The call from the mosque gently draws me from a sweet sleep. The voice of the muezzin so full of emotion that my skin instantly covers in goosebumps even though the air is already balmy and warm. The clock says 5am, the moonless sky is indigo blue, the stars like tiny holes in a heavy nighttime curtain. I decide since I am awake to attend the early morning beach yoga. I descend from the rooftop of Jua House where I am staying, wrap a sarong modestly over my shoulders and weave through the maze of alleyways. Dodging donkeys clattering through the streets, stepping over cats, greeting mama “Jambo” as she hurries on her way baskets laden with coconuts and hands artfully decorated with henna. I recognize the cerise bourganvillia cascading from the rooftop and know I am heading in the right direction, this path meets the Indian Ocean. I slip off my flipflops, wriggle my toes in the sand and deeply inhale the salty ocean air. There is nowhere else I would rather be. Sat nam – I am peace, I am love, I am eternal.
The sky is a riot of colour, I settle on my kikoi beside 30 others who have come to this practice. Monica the festival organizer is leading and we are soon rotating, twisting and folding together until we finally rest on the sand in savasana. When I open my eyes the sky is powder blue, I spot yogi friends from various countries. Uganda, Kenya, South Sudan and Dubai, we hug and discuss what classes we will take after breakfast. There are a few styles of yoga I am unfamiliar with on the programme, I am curious but equally as excited to be sharing a space with the familiar teachers that inspire and motivate me. I wipe the sweet mango from my lips, finish my Madfu (drinking coconut) and hurry to Banana House where I am teaching a vinyasa practice. I arrive 15 minutes early but already there is barely floor space. I encourage the yogis to wriggle their mats closer to one another, reminding them and myself that we are one and only the body separates us. As more and more people arrive the class extends out into the shady garden. Cicadas and the sound of the ocean provide all the music I need. We breathe, stretch and move together through a creative heart opening flow, finally coming into mermaid.
“I can’t believe it—I never thought I would ever be in this pose!!” Faces are glowing with what was thought unattainable suddenly becoming attainable. My heart is bursting seeing them. Mermaids are no longer a mythical Indian Ocean creature but rather a stunning reality on the mat.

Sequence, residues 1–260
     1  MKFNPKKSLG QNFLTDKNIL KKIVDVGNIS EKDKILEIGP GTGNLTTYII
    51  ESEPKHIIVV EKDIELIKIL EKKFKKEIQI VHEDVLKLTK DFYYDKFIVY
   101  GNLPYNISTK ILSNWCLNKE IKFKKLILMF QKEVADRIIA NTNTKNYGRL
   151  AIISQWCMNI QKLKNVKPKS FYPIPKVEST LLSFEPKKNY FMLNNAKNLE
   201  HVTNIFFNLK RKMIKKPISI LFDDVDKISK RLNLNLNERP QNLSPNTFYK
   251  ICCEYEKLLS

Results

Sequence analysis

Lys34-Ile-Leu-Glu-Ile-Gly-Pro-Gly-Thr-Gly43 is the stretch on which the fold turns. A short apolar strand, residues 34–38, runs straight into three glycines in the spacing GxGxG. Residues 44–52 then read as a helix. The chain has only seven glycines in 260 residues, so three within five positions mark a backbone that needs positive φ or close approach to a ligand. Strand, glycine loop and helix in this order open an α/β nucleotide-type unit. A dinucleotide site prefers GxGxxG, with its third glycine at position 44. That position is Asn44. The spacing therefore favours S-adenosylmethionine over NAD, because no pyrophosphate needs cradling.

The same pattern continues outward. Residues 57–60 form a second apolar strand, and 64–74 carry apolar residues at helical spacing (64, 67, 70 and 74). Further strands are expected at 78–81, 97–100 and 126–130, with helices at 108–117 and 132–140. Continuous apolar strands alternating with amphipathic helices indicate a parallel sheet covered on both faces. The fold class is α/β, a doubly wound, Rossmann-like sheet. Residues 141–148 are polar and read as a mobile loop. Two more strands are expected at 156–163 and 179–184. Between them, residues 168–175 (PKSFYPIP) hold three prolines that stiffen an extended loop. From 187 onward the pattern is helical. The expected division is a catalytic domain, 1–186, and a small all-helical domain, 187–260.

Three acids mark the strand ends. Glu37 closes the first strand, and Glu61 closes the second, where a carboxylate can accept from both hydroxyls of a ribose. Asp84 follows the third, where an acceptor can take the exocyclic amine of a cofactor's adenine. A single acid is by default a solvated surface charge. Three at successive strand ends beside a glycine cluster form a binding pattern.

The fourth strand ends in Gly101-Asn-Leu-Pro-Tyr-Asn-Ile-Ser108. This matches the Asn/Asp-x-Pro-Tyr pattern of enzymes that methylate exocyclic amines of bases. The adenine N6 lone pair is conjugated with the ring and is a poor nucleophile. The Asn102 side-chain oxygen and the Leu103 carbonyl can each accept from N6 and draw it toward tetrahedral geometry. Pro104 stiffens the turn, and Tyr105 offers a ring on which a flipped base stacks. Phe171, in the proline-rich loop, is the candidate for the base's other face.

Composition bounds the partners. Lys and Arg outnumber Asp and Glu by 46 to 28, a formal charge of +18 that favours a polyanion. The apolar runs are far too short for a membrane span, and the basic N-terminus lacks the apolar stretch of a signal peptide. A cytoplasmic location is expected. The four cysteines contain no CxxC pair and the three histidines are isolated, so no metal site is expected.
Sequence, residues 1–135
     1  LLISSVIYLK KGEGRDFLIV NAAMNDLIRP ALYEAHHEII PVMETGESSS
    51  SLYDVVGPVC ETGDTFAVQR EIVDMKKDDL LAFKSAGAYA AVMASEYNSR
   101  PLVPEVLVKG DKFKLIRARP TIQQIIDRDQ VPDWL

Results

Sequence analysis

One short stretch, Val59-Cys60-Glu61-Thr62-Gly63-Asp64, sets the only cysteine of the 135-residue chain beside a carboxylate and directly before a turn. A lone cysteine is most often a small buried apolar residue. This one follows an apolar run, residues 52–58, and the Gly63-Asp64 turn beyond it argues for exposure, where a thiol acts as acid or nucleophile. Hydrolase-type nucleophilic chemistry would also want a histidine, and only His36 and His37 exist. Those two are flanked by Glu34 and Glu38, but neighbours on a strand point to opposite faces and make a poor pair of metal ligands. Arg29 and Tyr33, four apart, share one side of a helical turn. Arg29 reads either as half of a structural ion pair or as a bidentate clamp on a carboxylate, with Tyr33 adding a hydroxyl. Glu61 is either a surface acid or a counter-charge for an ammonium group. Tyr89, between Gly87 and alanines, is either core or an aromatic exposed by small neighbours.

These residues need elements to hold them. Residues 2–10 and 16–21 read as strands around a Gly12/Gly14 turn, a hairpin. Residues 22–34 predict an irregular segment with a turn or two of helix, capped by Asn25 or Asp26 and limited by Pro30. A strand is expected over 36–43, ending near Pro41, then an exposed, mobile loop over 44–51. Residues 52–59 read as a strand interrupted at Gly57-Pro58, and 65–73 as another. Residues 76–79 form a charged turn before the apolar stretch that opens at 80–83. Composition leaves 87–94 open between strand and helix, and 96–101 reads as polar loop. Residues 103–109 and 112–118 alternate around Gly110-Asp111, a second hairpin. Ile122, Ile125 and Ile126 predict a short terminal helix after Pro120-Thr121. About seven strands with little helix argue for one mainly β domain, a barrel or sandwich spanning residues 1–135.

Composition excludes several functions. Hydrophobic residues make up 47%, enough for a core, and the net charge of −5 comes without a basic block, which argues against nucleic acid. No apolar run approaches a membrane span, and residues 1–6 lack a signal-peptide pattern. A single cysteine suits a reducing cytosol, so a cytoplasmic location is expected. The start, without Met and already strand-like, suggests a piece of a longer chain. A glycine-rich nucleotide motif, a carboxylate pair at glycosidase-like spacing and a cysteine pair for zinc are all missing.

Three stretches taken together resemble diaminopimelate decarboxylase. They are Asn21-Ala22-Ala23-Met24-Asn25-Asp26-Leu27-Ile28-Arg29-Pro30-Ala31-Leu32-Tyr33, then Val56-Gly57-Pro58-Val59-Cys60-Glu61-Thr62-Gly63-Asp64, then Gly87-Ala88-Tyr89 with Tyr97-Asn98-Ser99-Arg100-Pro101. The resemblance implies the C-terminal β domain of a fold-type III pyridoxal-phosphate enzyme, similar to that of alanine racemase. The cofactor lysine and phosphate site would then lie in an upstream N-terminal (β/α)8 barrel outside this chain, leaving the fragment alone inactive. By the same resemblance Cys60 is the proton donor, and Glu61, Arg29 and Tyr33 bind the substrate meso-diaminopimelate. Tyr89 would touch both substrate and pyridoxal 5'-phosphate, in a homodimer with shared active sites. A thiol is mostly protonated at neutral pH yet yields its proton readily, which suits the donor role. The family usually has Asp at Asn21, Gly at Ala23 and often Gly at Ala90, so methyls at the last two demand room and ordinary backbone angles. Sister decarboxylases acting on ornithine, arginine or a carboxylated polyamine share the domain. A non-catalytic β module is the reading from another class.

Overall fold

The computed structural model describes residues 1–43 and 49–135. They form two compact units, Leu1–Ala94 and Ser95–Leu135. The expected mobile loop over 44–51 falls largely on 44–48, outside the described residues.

I check the schedule, I can fit in laughing yoga meditation before I am teaching yin at sun down. There is nothing like laughter to keep you present. 1 hour slips by as we giggle, chuckle, laugh hard and cry. Savasana is an amusing relaxation pierced by the occasional snort as someone tries to keep their laughter in. Finally we all settle into peace.
I walk along the beach front to Peponi where I am teaching my last class of the day. The yoga shala is outdoors in the shady, breezy garden. I lead the yogis through a 75 minute hip opening, twisting practice all in supine. The sun is low, the clouds are a stark white contrast to the deep blue sky. I encourage everyone to softly gaze at the ever-changing view above them. I am reminded of the impermanence of life as the landscape moves. “The good changes, the bad changes – nothing stays the same.” We emerge from savasana slowly as one. A few yogis want to sit quietly alone, holding onto the transformation that has happened and manifesting it a little longer. It does not mater that we don’t always know what has shifted, this is the magic of the practice. Not labeling or judging just allowing. I slowly roll up my mat and gaze out to sea. I am in no hurry to go anywhere.
Curious onlookers are at the gate, I smile at them encouragingly. This is the 3rd Lamu Yoga Festival and it is growing in its acceptance and popularity. There are classes for women only on offer and plenty of free events for the community to join. I wrap my sarong over my shoulders as I have seen the local women do and head back to Jua House to shower before the evenings Swahili Buffet. I pass the bazaar where the women are already preparing for the grand party. The sun is losing its heat, the drummers are arriving, the food smells fragrant and delicious I identify, ginger, tamarind and coconut my belly rumbles, I remember I missed lunch. I hurry through the alleyways my imagination running amok; imagining a time when princesses and empresses would have floated through the streets dressed in chiffon and gold. Chased by princes and sultans longing for their hand in marriage.
I let those daydreams linger as I shower and head out to join the festivities..